Wednesday, September 23, 2009

YOUNG-HAE CHANG HEAVY INDUSTRIES is Its C.E.O., Young-hae Chang (Korea), and its C.I.O., Marc Voge (USA) are based in Seoul. YHCHI has made work in 16 languages and presented much of it at the following institutions: Tate, London, the Centre Pompidou, Paris, the Whitney Museum, New York, the San Francisco Museum of Modern Art, the Getty Center, Los Angeles, the Moderna Museet, Stockholm, the Reina Sofia Museum, Madrid, the Museum of Contemporary Art, Barcelona, the Musée d'Art Moderne de la Ville de Paris, the Venice Biennial, the Fukuoka Asian Art Triennial, the São Paulo Biennial, the Kitakyushu Biennial, and the Istanbul Biennial.

Using mostly jazz musical forms, a plain typeface (Monaco) and Flash animation technology, Chang and Voge have built a body of Web-based works that present seductive, acerbic and sophisticated narratives. Clicking on a title or a link activates a story that unfurls as type in the browser window, each work experienced at its own pace without stopping, providing an experience somewhere between a reading and a movie. Their work dispenses with the usual interactivity and other characteristics of Web-based media; most works are offered in several languages and the socio-political consciousness of the text is emphasized via the screen’s material effects—type size and weight, velocity and duration. The works engage modernist structures, the intelligibility of language, notions of text and subtext, and both evoke and update print-based experiences.

If you really want to see their resumé, go to this link:

This interview was done via email.

J. Roca.

José Roca: Printmaking has been often defined as having three components: a matrix, a medium (ink) and a support (surface), its main feature being its repeatability. Do you see the web as a matrix, and web-based work as a kind of print-in-potency?

YOUNG-HAE CHANG HEAVY INDUSTRIES: We've never considered those components. We've never considered our work to have much to do with print and printmaking.

JR: Fair enough. But in my opinion, the web can be understood as a contemporary version of the wheat-pasted poster or the pamphlet in its capacity of addressing the public sphere.

YHCHI: Uh-huh.

JR: For the new Museum you did (I believe for the first time) a multi-channel installation, displacing the experience of the piecefrom a static relation with the screen to an implied movement of the body in space. Is this a new direction that you are interested in pursuing?

YHCHI: Yes, by all means, as long as the opportunities present themselves. Maybe Philagrafika?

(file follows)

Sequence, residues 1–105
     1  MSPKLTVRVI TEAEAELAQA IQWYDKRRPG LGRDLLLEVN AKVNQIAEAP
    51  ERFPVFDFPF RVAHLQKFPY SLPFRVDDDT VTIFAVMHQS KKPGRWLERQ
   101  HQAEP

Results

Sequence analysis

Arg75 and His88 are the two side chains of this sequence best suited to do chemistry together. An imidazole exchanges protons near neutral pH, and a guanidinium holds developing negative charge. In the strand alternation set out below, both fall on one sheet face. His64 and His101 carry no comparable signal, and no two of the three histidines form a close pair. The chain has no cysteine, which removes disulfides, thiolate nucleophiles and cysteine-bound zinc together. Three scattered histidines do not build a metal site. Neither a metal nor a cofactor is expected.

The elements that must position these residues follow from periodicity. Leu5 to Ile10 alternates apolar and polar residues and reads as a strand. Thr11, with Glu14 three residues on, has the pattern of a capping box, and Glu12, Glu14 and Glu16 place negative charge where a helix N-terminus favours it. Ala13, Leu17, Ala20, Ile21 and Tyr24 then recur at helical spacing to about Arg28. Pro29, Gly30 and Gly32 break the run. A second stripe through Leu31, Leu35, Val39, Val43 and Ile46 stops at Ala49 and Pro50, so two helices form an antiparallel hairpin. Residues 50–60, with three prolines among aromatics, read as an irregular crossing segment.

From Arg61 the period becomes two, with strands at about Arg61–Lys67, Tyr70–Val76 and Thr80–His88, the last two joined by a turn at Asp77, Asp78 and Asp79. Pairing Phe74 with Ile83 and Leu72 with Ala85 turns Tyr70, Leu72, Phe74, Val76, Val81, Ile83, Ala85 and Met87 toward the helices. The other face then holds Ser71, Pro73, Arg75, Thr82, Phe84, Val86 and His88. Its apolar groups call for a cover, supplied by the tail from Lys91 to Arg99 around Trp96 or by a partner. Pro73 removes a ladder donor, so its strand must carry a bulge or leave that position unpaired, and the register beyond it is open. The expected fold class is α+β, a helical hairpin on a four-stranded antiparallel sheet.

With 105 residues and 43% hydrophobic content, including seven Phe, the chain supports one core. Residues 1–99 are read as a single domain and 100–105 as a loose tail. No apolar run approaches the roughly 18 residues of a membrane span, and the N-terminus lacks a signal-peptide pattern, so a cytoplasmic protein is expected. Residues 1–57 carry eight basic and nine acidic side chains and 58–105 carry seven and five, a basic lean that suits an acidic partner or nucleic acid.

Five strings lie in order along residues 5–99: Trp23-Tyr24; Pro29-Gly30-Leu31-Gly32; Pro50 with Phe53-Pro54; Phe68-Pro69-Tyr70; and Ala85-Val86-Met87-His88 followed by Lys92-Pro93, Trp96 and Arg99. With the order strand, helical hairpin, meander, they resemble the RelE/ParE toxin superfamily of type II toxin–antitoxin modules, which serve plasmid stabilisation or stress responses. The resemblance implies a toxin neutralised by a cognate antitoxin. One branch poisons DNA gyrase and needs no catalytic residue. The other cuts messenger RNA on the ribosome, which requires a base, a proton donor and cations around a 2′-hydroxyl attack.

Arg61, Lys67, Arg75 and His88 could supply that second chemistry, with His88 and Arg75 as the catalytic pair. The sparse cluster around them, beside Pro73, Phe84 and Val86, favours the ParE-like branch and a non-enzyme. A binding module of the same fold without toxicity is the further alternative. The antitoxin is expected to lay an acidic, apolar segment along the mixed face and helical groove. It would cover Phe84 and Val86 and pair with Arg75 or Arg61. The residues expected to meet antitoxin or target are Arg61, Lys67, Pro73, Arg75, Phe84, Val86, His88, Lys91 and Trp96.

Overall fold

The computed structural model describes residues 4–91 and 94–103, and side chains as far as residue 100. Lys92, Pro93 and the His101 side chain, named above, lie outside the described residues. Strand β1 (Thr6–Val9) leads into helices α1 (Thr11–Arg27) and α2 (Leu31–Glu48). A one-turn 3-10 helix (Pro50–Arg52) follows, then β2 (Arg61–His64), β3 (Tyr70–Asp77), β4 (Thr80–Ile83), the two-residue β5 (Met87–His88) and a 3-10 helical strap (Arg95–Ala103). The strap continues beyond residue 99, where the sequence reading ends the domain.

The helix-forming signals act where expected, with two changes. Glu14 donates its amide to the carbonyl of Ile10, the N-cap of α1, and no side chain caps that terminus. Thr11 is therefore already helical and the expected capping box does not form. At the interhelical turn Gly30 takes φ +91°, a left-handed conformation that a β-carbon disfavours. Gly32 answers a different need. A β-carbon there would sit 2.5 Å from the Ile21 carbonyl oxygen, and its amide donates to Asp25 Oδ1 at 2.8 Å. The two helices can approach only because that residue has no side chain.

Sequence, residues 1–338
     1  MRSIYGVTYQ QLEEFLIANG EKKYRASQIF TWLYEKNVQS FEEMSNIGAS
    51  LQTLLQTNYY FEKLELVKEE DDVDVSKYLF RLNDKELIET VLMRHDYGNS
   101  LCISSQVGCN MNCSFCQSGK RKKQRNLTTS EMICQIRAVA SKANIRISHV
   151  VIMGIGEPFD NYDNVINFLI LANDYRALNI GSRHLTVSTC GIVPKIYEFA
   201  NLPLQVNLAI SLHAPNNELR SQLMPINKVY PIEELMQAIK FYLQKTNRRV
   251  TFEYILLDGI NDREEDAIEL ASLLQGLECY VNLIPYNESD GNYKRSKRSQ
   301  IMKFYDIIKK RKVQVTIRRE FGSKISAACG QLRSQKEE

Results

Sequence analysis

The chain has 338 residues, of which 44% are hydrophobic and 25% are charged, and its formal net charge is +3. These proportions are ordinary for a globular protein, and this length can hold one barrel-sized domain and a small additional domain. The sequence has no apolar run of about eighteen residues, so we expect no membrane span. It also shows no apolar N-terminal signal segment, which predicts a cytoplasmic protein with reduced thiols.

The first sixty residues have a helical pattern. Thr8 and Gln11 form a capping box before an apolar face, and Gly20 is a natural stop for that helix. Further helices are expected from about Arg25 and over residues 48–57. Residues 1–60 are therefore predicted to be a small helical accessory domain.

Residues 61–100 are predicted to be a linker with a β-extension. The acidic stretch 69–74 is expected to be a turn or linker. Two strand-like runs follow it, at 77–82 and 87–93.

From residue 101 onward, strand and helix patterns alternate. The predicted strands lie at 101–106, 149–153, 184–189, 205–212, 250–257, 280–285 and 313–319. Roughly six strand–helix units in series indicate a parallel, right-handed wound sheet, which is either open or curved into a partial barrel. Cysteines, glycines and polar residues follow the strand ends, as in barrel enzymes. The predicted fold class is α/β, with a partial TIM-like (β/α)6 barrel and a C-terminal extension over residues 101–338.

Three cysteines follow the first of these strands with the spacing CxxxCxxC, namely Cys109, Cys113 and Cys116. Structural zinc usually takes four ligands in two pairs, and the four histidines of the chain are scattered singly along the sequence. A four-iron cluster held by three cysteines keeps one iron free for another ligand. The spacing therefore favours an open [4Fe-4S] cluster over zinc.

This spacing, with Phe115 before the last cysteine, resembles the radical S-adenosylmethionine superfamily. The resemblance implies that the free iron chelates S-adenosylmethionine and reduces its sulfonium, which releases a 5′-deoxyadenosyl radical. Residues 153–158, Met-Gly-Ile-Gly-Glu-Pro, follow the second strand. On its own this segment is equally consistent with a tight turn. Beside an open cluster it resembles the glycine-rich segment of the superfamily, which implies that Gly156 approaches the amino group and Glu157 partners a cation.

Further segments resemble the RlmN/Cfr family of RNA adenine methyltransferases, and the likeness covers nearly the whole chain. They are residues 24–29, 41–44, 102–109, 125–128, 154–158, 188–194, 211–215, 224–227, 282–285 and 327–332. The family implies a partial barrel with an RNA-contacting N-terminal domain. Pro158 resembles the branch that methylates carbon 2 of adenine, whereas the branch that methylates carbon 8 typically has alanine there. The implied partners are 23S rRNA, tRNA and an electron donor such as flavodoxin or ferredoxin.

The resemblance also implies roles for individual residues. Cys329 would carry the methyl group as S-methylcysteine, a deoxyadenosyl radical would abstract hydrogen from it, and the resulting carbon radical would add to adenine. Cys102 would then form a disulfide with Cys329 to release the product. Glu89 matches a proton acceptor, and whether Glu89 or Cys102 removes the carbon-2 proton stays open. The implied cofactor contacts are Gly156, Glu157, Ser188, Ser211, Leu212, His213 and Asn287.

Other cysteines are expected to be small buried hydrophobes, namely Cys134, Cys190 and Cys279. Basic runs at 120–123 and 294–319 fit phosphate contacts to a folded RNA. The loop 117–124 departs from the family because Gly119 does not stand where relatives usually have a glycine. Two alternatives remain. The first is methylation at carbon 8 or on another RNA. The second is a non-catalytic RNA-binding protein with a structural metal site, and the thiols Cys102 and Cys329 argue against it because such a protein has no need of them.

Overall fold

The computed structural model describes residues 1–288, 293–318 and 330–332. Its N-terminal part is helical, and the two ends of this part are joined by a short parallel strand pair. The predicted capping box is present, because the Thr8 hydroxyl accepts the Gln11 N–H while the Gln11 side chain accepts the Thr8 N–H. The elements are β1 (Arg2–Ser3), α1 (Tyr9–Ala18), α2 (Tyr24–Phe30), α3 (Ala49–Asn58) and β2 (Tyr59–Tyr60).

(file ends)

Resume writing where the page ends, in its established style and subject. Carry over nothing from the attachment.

JR: Maybe! I believe that installation was offline, due to the technical difficulties to sync seven screens to maintain the pace of the narratives. The implication is that the work can be objectified as a video installation: it exists as an object and not just as information that flows on the web. Is it also a new direction?

YHCHI: Great, thanks for the enthusiastic "Maybe!" Actually, we've been doing offline work for many years now. In that sense, our New Museum installation isn't a new direction. Technologically, it was never a question of doing the installation online. As for our moving from the virtual to the real, we, like so many others these days, have done it more or less seamlessly. It's sort of like having switched from the printed version to the online version of the New York Times without thinking much about the objective difference. Which is not to say that it's the same thing when it comes to books, as you're well aware, we're sure, of the discussion around that.

JR: I only brought it up because in a talk I recently attended at Temple Gallery in Philadelphia, one of the curators of that show did say that the question of the work being online or not had been a point of disagreement. So it’s great to learn that it finally did not become a relevant issue.

Type is featured prominently in your work, as is music, particularly jazz. You use Monaco typeface, which was designed for Macs and has been rated as one of the best fonts for programming due to consistency and legibility.

YHCHI: No kidding. It's news to us that the Monaco font does what you say it does. We chose it for the name.

JR: Really? I would have thought that you are actually interested in the graphic image and all it entails, since on interviews you have done with other artists you stress the importance of the graphic style and language. Maybe just in the work of others?